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Re: Armadillos at the K/T!
On Sun, 30 Sep 2001, David Marjanovic wrote:
> OK, but you assume such a case of background extinction for not one species,
> or maybe 10 around the globe, but hundreds or thousands at the same time
> while nothing such happened during a long time before.
The notion of "background extinction" is specious. There are reasons for
organisms becoming extinct. I have suggested what I believe are
potentially good reasons for the extinction of large oviparous
species--reasons which are given more weight by their apparent continuing
operation in the Cenozoic. It either happened that way, or it
didn't. Apparent rates of extinction have no theoretical grounding: to me
it is absurd to suggest that extinctions are basically two
flavors--background or catastrophic. The evidence for terrestrial
vertebrates at the K/T in the Western Interior is neither.
> > Thirdly, while it makes good sense, predator/prey
> > oscillations around theoretical carrying capacity is illusive to test,
> and I
> > know of no study which shows this to be the case.
> I'm sure such studies exist. In school I had an example of an island in a
> Canadian lake which was first populated by moose (in a severe winter, over
> the ice); this population exploded and then crashed a few times. Later
> wolves came in, but their population exploded only once (and much less
> extremely), and then the famous fluctuations began.
As I said, it makes good sense to me. However, the idea that all
organisms are happily oscilating for eternity around a comfy carrying
capacity is romantic.
> > >We have used the bolide hypothesis to
> > >suggest that catalyst to many disrupted ecologies from the Devonian on.
> > > There is evidence for
> > >this.
> > Evidence of impacts, yes. None for direct causation, however.
> Now come on. We can be 100 % certain that more than nothing will happen when
> a 12-km-rock impacts aka 10,000 times all nuclear weapons of the world are
> ignited at the same time on the same spot (without the effects of
> radioactivity). It just _can't_ have left all non-neornithean dinosaurs
I don't think the hypothesis does a good job of explaining 100% of the
extinctions. I never have (I first heard of it when a student of Gould's
came into class and proceeded to inform us of what was to her a fact--it
just seems more complex to me than that, and I was irritated by the
presumption of certitude wrought from a time so distant--she and Gould,
could have used some humility, in my view, when confronted with a problem
as ecologically complex as this one).
> > Millions of species have become extinct over geological time. We have a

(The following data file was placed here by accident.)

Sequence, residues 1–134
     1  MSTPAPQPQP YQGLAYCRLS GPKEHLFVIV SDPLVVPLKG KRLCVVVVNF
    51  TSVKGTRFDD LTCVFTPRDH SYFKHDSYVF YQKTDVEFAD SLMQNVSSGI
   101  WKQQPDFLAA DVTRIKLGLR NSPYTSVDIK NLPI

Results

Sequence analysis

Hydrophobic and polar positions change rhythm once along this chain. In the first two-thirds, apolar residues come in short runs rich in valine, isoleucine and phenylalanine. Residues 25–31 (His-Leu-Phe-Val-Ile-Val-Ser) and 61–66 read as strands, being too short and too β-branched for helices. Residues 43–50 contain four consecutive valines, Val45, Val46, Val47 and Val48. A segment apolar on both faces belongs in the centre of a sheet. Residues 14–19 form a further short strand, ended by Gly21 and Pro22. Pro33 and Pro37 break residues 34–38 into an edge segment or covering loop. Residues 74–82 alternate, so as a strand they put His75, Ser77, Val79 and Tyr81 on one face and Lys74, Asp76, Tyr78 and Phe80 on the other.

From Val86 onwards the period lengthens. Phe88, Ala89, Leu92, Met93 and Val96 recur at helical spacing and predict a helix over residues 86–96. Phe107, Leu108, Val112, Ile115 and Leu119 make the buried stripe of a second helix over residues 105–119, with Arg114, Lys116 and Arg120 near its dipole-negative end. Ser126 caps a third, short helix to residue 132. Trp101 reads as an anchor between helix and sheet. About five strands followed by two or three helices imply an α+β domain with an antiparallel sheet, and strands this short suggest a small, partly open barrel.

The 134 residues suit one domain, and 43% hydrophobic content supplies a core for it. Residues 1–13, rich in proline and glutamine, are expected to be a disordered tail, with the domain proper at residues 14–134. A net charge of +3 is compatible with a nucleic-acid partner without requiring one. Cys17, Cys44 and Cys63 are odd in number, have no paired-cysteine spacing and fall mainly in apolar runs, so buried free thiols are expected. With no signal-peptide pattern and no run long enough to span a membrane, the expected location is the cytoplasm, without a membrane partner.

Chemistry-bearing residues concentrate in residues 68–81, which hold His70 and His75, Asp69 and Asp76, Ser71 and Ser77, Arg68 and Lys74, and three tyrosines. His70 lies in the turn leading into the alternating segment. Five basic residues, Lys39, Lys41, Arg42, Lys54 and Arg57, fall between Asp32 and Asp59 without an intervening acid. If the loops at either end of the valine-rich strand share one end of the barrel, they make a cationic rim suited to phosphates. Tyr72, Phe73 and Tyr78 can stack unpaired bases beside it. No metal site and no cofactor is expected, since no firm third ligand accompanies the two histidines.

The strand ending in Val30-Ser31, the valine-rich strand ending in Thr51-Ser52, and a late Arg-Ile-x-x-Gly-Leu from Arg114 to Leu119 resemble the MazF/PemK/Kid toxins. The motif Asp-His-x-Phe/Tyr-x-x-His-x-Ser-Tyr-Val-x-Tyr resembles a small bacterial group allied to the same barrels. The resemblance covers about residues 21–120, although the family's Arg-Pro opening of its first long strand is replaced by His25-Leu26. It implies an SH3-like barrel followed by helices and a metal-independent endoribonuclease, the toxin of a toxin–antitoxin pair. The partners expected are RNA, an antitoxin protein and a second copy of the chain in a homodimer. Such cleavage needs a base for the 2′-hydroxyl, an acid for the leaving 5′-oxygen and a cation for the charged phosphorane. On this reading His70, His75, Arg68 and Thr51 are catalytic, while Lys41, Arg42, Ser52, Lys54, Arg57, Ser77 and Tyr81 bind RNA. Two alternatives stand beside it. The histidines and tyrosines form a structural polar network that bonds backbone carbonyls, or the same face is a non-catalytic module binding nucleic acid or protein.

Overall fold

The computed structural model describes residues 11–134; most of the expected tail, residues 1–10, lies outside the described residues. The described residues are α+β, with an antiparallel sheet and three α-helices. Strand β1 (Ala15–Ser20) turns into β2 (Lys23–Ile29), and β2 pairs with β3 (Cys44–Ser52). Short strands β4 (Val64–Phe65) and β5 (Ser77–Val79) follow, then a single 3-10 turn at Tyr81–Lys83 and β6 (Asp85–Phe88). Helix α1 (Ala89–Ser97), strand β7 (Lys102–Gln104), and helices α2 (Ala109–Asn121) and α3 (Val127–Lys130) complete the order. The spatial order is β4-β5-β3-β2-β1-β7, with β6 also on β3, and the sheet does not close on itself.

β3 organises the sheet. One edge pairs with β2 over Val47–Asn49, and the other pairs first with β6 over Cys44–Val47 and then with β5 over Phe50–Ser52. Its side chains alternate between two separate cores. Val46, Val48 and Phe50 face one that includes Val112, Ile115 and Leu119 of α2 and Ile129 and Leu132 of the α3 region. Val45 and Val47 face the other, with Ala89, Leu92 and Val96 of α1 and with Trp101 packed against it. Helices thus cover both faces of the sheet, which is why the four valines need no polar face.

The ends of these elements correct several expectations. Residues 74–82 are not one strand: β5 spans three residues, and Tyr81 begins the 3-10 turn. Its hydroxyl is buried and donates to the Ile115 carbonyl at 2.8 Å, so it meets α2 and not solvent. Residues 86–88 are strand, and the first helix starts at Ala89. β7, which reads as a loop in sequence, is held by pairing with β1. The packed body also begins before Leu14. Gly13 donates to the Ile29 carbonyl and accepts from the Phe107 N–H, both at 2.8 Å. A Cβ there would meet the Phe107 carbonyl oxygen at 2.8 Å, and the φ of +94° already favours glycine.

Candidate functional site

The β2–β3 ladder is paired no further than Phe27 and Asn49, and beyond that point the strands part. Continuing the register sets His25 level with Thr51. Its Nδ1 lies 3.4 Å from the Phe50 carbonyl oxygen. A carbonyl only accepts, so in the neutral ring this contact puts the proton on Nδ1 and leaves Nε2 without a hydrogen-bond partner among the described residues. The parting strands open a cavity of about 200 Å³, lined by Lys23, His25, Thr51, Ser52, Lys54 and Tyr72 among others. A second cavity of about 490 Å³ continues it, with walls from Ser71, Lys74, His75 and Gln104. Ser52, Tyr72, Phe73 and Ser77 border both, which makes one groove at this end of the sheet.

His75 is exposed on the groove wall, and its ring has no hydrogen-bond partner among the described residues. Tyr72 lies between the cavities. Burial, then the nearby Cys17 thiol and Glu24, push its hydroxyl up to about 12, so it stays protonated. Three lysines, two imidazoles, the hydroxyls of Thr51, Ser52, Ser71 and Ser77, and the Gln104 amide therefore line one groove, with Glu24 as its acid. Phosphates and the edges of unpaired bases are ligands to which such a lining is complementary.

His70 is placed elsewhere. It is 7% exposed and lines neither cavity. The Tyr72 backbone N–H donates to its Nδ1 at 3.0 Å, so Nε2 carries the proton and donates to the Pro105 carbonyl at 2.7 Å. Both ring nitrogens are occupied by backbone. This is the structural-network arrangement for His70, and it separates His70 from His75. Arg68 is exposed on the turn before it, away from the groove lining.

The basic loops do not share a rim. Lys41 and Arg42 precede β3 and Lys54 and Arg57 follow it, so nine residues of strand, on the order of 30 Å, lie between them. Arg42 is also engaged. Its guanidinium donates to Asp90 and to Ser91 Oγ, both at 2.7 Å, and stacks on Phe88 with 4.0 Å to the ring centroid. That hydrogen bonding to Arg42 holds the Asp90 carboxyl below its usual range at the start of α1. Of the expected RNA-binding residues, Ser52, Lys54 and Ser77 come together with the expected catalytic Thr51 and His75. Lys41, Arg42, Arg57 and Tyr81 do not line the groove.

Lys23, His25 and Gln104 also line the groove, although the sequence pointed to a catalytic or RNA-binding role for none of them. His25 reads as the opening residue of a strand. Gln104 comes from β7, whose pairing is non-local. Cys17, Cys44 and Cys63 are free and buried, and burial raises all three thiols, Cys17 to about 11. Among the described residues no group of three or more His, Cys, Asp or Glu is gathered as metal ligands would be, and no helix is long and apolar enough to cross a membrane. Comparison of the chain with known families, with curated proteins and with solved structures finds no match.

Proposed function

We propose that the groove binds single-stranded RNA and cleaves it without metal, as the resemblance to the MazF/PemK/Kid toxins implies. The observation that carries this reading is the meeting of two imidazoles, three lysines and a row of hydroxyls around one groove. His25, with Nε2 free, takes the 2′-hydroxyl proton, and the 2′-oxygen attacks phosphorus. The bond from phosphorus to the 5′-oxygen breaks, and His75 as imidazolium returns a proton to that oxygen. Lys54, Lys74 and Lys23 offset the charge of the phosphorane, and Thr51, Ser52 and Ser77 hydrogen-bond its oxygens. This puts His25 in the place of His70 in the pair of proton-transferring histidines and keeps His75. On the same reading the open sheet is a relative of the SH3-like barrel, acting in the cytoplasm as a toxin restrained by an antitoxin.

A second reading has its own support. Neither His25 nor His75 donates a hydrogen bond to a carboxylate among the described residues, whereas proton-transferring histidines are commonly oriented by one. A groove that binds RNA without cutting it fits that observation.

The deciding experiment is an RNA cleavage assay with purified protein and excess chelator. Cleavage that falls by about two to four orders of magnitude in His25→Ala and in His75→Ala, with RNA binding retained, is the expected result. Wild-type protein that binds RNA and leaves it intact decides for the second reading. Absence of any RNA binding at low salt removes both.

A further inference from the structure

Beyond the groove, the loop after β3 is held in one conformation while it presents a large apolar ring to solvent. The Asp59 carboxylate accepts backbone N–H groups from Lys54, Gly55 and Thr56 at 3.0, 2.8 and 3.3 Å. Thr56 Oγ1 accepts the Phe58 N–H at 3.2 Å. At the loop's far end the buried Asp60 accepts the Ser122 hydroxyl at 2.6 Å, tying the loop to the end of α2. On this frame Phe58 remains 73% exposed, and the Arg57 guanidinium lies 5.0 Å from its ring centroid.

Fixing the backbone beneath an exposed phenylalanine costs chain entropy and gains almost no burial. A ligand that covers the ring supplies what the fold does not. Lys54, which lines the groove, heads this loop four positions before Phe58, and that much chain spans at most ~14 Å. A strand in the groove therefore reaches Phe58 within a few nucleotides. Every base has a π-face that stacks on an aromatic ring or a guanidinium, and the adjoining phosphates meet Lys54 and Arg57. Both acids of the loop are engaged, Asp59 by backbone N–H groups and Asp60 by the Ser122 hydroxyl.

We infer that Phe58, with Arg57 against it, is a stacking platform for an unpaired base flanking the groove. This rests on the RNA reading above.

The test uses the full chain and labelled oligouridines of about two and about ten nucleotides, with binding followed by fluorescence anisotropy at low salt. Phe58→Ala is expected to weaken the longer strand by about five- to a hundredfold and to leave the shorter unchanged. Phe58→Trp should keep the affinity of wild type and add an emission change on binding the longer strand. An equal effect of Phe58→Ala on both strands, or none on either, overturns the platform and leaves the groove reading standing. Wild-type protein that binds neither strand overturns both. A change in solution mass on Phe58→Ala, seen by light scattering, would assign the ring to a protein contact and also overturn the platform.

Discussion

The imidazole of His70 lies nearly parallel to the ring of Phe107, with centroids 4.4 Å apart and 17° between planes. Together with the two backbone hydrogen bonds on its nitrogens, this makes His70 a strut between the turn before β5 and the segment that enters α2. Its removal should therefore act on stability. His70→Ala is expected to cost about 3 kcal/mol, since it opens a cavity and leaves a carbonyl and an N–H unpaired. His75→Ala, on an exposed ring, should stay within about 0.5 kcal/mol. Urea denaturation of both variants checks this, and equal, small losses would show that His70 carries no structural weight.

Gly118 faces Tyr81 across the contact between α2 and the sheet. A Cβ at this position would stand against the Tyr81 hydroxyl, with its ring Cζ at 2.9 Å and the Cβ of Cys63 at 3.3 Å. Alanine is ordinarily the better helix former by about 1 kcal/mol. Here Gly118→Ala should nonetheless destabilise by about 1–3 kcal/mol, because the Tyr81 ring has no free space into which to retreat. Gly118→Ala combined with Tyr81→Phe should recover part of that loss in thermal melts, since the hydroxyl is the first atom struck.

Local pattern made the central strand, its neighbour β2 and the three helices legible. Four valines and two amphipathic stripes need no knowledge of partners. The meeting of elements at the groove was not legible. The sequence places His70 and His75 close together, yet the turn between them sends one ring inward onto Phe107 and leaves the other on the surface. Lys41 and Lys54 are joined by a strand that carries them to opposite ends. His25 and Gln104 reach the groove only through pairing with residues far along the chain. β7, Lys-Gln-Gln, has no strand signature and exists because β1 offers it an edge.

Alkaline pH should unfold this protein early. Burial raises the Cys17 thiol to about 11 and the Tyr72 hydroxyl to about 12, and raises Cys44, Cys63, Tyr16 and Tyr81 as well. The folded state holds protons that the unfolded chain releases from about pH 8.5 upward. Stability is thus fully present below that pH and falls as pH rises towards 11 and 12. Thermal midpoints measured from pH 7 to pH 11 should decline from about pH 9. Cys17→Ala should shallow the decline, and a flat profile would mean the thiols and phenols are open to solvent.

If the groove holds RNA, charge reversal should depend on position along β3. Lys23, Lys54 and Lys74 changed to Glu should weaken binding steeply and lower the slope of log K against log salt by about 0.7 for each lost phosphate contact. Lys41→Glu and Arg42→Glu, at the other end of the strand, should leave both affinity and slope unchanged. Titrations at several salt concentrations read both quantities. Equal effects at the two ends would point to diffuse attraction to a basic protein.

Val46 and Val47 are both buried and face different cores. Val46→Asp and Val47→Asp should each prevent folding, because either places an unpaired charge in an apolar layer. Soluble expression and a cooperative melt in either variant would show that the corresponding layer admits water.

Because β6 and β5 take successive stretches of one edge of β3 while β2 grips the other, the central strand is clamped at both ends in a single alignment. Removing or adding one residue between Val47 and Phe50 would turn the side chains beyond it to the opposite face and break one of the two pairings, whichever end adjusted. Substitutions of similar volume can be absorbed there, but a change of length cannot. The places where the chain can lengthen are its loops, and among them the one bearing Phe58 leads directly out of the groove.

> > fair idea of the causes of only a handful. How can one claim extinction
> > _never_ due to predation on young.
> But to claim _mass_ extinction is due to predation on young is <looking for
> the right adjective...> erm, bizarre.
I'm only claiming that a niche disappeared: that of terrestrial large
oviparous species. I would like to decouple other extinctions.
> > This is especially difficult to argue
> > when we realize that by far the most severe cause of mortality in many if
> > not most species is _predation on the young_.
> Of mortality, maybe (in crocodiles it's AFAIK flooding of the eggs). Of
First comes mortality, then extinction. Right? If extant organisms
suffer much mortality due to a certain factor, that factor should be
suspect if extinction occurs.
> > Also, "natural ecologies" are
> > the denumen of all previous struggles for survival. Species that
> > cope are gone!
> So why don't we see progress in evolution?
Greater computational power in most vertebrates relative to Triassic
species. Ditto speed. Reproductive security and specialized nutritional
structures in mammals vs. "stem reptiles". Ability to engage specialized
vectors to carry your sperm in flowering plants. Independence from water
in plants and animals. I mean, I could go on forever. From which planet
must a visitor come that doesn't see these as progressions of a
kind? The eye. Birds' wings. etc., etc.
> > Badger-size is a threshold under (or around) which many offspring
> > predators of today operate: hairy armadillo, caracara hawk, coatis,
> > monitor lizards, skunks, squirrels, cats, rats, weasels, foxes...I could
> > go on.
> Nile monitors (famous for eating croc eggs) are AFAIK bigger... However,
> where's the devastating effect of *Gobiconodon* all over Asia and North
> America in the EK? (Just in case >:-> -- it was too early to have caused the
> Cenomanian-Turonian event, which was AFAIK a more marine affair)
You may be right about the monitor--I know it's longer, I would guess less
massive??? What sort of a mammal was Gobiconodon--ecological role,